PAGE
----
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LSU defends firing Steven Hatfill

Hatfiill
Hatfill, 48, has denied being the "anthrax killer" and has accused the government of destroying his life with "groundless innuendo."  


BATON ROUGE, Louisiana (CNN) -- Bioweapons expert Steven Hatfill was fired from Louisiana State University because it was "in the best long-term interest of the university," LSU chancellor Mark Emmert said Tuesday.

Hatfill is one of several people under FBI scrutiny in the investigation of last fall's anthrax attacks.

"We have to worry about the ability of the university to conduct its business as a research intensive university, as an institution that values its academic integrity as its most important value," Emmert told CNN.

"It was in the context of our general mission and our ability to fulfill that mission that Mr. Hatfill's relationship with us was terminated."

Hatfill, who was hired July 1, held the position of associate director of LSU's National Center for Biomedical Research and Training. The job involved helping emergency workers prepare for terrorism attacks.

He was placed on paid administrative leave from the job last month after a second FBI search of his Frederick, Maryland, apartment. He has denied any involvement in the anthrax mailings.

Pressed on why the university fired Hatfill when he hasn't been named a suspect, Emmert said, "Unfortunately, we're not at liberty to comment on the specifics of this or any other personnel action."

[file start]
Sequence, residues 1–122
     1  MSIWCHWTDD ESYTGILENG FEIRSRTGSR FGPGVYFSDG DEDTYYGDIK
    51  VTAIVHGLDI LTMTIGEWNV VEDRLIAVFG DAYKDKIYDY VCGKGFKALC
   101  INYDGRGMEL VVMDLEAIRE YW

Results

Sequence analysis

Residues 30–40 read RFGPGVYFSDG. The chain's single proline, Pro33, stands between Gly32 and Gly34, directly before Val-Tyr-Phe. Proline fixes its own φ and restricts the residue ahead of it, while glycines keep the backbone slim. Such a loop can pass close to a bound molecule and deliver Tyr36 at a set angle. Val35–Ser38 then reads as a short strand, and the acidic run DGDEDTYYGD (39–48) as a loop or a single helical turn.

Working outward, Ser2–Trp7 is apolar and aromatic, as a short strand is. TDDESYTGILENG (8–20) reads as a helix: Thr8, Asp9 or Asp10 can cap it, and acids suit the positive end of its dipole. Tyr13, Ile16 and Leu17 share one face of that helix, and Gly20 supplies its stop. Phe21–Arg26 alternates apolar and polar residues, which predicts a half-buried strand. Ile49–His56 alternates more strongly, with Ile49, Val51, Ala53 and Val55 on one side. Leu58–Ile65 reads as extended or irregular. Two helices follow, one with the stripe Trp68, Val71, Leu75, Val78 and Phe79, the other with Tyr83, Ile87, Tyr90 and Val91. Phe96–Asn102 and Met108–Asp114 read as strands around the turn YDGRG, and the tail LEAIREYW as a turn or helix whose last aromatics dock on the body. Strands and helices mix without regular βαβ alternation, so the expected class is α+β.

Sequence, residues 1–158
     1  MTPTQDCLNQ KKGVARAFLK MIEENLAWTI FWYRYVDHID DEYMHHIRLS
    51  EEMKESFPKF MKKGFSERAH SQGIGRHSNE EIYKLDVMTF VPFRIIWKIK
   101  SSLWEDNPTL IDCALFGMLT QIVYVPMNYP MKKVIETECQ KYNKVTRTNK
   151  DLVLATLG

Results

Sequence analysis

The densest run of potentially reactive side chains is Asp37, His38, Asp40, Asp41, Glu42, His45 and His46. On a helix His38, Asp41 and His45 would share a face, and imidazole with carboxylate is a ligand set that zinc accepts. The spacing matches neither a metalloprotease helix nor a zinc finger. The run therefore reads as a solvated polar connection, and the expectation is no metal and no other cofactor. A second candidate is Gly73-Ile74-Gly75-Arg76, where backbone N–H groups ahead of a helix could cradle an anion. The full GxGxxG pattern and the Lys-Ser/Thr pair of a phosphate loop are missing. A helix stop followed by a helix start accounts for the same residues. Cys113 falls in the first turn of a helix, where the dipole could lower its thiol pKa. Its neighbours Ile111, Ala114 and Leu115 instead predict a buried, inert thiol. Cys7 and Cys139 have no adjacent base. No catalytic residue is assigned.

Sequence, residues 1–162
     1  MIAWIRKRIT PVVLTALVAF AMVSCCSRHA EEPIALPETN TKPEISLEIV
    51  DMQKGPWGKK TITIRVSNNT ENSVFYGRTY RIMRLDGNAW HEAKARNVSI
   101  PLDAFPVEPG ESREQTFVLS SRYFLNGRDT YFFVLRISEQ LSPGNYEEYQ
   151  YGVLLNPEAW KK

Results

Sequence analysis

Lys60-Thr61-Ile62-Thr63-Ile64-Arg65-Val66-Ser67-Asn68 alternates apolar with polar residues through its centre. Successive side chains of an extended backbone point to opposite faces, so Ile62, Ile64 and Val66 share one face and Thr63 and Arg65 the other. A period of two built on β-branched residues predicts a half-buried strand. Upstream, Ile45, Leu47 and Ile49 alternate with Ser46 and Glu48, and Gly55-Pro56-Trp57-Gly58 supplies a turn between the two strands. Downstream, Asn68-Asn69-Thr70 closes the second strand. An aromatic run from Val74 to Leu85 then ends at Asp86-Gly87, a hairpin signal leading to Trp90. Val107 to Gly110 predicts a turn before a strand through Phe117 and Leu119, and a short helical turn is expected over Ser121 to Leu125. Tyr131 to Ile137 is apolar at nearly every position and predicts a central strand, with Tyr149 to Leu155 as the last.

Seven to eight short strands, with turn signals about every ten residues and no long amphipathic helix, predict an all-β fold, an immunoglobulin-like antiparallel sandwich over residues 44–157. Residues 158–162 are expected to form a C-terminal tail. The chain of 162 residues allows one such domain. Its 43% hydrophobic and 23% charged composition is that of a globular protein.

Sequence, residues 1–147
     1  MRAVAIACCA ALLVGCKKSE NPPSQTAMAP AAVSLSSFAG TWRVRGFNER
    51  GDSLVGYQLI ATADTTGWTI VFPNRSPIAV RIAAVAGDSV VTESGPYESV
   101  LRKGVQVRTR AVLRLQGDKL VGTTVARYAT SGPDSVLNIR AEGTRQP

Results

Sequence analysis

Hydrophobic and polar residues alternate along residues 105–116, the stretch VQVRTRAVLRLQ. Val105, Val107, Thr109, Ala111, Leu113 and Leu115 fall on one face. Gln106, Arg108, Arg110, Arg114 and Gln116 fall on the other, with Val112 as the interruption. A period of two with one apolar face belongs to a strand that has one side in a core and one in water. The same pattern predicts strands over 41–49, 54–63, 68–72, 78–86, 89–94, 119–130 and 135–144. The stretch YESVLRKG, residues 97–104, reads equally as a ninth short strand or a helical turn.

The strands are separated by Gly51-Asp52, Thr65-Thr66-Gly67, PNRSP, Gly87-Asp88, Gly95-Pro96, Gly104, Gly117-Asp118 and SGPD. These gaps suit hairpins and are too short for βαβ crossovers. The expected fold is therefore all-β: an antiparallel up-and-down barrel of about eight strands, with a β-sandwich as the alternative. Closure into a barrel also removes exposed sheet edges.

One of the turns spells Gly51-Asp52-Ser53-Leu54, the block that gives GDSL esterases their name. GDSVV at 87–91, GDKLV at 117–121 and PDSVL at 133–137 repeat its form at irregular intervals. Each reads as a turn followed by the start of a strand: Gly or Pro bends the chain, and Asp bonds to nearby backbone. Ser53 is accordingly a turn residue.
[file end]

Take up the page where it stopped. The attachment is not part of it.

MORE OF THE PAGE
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He said the university placed Hatfill on administrative leave "to give us a chance to fully explore and investigate this whole issue and all the matters surrounding it."

"We're confident we've acted objectively and thoughtfully and fair any this matter," the chancellor said.

Hatfill is one of about 20 to 30 people who have been under scrutiny by the FBI in its investigation of last fall's anthrax-laced letters. Five people, including two postal employees, died of anthrax.

"In taking this action, the university is making no judgment as to Dr. Hatfill's guilt or innocence regarding the FBI investigation," Emmert said in a statement released earlier.

In a statement, Hatfill criticized the university and the FBI for their handling of the situation.

"My life has been completely and utterly destroyed by [Attorney General] John Ashcroft and the FBI," Hatfill said in a statement released by his spokesman, Pat Clawson.

"I don't have a job. I'm now unemployed. Twenty years worth of training is down the tubes. My professional reputation is in tatters."

He said the firing "could have been done a month ago. ... Why did they wait until I moved my furniture and possessions to Baton Rouge?"

The chancellor told CNN it was Hatfill's decision when to move to Baton Rouge. Since his hiring he had been spending time in both Baton Rouge and the Washington area, Emmert said.

Clawson said LSU gave no reason for the termination, which he said was effective immediately and came without an offer of a severance package.

Emmert would not comment specifically on whether a package would be offered. He said the termination was done according to university procedures.

Hatfill once worked at the Army's bioweapons research lab at Fort Detrick in Frederick, Maryland. He was not assigned to work with anthrax.

He has not been charged with anything related to the anthrax attacks and the FBI maintains he is not officially a suspect. But Ashcroft and others have labeled Hatfill a "person of interest."

-- CNN Producer Kevin Bohn contributed to this report.



 
 
 
 


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